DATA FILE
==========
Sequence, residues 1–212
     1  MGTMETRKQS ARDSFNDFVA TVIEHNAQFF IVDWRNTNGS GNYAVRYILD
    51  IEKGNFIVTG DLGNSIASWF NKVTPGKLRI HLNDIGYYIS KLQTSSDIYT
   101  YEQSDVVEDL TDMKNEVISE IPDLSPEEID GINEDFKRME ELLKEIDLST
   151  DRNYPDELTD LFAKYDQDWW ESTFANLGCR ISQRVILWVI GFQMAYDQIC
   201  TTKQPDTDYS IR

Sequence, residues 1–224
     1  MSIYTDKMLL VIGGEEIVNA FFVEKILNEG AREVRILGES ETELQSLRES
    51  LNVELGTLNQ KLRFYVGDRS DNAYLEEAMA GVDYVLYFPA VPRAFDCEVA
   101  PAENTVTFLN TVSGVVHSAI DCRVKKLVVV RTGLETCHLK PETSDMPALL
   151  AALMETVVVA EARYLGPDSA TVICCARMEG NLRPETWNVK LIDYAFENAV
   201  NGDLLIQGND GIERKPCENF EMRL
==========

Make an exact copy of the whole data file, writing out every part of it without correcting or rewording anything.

Sequence, residues 1–212
     1  MGTMETRKQS ARDSFNDFVA TVIEHNAQFF IVDWRNTNGS GNYAVRYILD
    51  IEKGNFIVTG DLGNSIASWF NKVTPGKLRI HLNDIGYYIS KLQTSSDIYT
   101  YEQSDVVEDL TDMKNEVISE IPDLSPEEID GINEDFKRME ELLKEIDLST
   151  DRNYPDELTD LFAKYDQDWW ESTFANLGCR ISQRVILWVI GFQMAYDQIC
   201  TTKQPDTDYS IR

Sequence, residues 1–224
     1  MSIYTDKMLL VIGGEEIVNA FFVEKILNEG AREVRILGES ETELQSLRES
    51  LNVELGTLNQ KLRFYVGDRS DNAYLEEAMA GVDYVLYFPA VPRAFDCEVA
   101  PAENTVTFLN TVSGVVHSAI DCRVKKLVVV RTGLETCHLK PETSDMPALL
   151  AALMETVVVA EARYLGPDSA TVICCARMEG NLRPETWNVK LIDYAFENAV
   201  NGDLLIQGND GIERKPCENF EMRL